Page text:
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David Gregory Writing Book About Being Jewish

Former ‘Meet the Press’ host observes Shabbat, celebrates Jewish holidays

Adam Janofsky
August 21, 2014
David Gregory during a taping of NBC's 'Meet the Press' December 7, 2008 in Washington, DC. (Alex Wong/Getty Images for Meet the Press)
David Gregory during a taping of NBC's 'Meet the Press' December 7, 2008 in Washington, DC. (Alex Wong/Getty Images for Meet the Press)

Former Meet the Press host David Gregory’s next big project will be a book about his Jewish faith, Politico’s Playbook reports. Gregory, who was rather suddenly removed from his post last week after a two-decade career at NBC, has been working with Simon & Schuster since 2011 on a book that will be published next year.

“This book has always been intended as an exploration of an aspect of David’s life that viewers rarely see in his journalistic work,” Jonathan Karp, president and publisher of Simon & Schuster Publishing Group, told Playbook’s Mike Allen in an email. “The book was never intended as a memoir about his career. That objective hasn’t changed and will not change. This book will be about the inner spiritual journey many of us take in our lives. Simon & Schuster is excited and grateful to be publishing it.”

Gregory is known for celebrating Jewish holidays in his house, and studies religion with scholars and other journalists, according to a 2011 profile in The Daily Beast about his observance.

He was raised by a Jewish father and non-Jewish mother—which, for some, means he isn’t halachically Jewish by matrilineal standards—and is married to the lawyer Beth Wilkinson, who isn’t Jewish. The two are “committed to raising our children as Jews,” Gregory told The Daily Beast. He observes Shabbat and holidays like Rosh Hashanah and Passover (with costumes) with his wife and three kids because, he quotes former U.K. Chief Rabbi Jonathan Sacks as saying, “You can’t command your children to be Jews. You have to live it,” he said.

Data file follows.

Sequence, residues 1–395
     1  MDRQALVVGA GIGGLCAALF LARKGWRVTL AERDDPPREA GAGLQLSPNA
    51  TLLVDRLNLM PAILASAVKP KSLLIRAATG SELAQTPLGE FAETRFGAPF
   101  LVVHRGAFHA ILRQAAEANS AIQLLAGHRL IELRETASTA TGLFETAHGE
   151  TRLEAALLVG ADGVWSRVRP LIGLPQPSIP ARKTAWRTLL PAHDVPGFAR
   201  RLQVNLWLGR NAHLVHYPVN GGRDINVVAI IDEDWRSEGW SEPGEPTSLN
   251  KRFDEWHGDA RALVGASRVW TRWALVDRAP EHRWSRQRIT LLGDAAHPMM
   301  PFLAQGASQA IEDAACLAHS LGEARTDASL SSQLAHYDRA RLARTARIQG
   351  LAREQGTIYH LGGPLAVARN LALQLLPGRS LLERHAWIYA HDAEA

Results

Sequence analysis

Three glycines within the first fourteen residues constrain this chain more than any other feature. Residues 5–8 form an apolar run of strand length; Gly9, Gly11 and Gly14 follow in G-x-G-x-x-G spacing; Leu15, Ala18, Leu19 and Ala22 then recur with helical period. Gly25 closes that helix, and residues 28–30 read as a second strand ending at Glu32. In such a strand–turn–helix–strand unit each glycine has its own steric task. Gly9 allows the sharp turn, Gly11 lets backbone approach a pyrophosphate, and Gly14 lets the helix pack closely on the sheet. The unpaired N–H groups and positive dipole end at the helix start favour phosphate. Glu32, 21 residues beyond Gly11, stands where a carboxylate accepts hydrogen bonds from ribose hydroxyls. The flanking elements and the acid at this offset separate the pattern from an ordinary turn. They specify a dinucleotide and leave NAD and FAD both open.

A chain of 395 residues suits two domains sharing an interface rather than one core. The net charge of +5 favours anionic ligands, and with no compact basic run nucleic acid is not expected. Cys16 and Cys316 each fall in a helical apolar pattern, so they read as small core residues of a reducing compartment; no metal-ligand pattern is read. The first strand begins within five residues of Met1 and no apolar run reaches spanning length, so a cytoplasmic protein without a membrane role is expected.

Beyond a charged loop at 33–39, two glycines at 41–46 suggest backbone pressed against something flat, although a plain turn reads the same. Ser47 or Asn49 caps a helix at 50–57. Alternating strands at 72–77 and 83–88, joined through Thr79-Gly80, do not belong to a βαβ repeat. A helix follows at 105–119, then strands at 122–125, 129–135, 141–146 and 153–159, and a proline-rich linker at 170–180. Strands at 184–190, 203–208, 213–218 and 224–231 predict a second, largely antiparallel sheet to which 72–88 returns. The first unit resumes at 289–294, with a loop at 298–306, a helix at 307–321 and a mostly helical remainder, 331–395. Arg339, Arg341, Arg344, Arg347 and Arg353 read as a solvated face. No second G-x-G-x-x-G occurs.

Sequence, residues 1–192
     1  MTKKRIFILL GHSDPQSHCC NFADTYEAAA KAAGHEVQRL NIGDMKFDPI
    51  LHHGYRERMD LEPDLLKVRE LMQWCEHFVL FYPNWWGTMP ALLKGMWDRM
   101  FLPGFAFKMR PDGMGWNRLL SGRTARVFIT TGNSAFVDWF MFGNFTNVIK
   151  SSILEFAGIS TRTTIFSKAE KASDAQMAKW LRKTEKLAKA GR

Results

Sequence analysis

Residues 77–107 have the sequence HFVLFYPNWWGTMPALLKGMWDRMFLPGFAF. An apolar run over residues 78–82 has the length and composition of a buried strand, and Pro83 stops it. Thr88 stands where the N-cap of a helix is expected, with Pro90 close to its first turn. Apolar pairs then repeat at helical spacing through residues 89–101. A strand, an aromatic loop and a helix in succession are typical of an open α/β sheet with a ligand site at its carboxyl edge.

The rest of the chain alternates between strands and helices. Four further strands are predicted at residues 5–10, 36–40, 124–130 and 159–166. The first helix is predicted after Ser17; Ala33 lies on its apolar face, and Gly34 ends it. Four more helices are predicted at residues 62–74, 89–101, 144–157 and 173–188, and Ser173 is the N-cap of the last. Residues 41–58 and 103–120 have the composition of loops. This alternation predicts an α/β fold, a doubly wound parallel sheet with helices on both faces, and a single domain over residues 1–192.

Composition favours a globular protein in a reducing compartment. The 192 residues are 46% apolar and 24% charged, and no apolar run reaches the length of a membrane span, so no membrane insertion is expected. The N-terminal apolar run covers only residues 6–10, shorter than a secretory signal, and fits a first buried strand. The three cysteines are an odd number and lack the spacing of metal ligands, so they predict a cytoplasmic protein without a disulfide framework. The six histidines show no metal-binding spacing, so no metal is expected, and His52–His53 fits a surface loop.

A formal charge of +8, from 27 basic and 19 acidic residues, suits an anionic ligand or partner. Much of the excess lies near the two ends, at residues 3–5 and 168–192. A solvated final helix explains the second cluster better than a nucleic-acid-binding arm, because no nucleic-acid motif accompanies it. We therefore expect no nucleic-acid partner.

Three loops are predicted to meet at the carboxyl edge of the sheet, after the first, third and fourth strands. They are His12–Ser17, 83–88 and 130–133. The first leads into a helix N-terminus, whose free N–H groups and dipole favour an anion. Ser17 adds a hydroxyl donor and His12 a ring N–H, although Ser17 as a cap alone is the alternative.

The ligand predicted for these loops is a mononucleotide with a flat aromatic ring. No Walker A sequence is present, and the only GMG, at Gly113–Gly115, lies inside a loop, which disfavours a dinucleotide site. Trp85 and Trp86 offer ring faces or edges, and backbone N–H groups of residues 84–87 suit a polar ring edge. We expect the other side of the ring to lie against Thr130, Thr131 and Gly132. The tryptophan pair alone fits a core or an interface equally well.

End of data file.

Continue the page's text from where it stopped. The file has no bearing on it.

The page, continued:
NBC News announced Gregory’s departure last Thursday, citing the program’s declining ratings during Gregory’s time as anchor. He had taken over after Tim Russert’s death in 2008, when Meet the Press routinely brought in 40 percent more viewers than its competitors, according to the New York Times. The show hit a record low in the ratings over the past year, and trails behind CBS’s Face the Nation and ABC’s This Week.

Gregory will be replaced by NBC’s White House correspondent Chuck Todd, who is also Jewish. No word on whether he plans to write about his Jewish background as well.

Adam Janofsky is a recent graduate of the University of Chicago, where he was editor of the student newspaper, The Chicago Maroon. He has worked and written for The Wall Street Journal, Bloomberg News, and The Bangkok Post. Follow him on Twitter @adamjanofsky.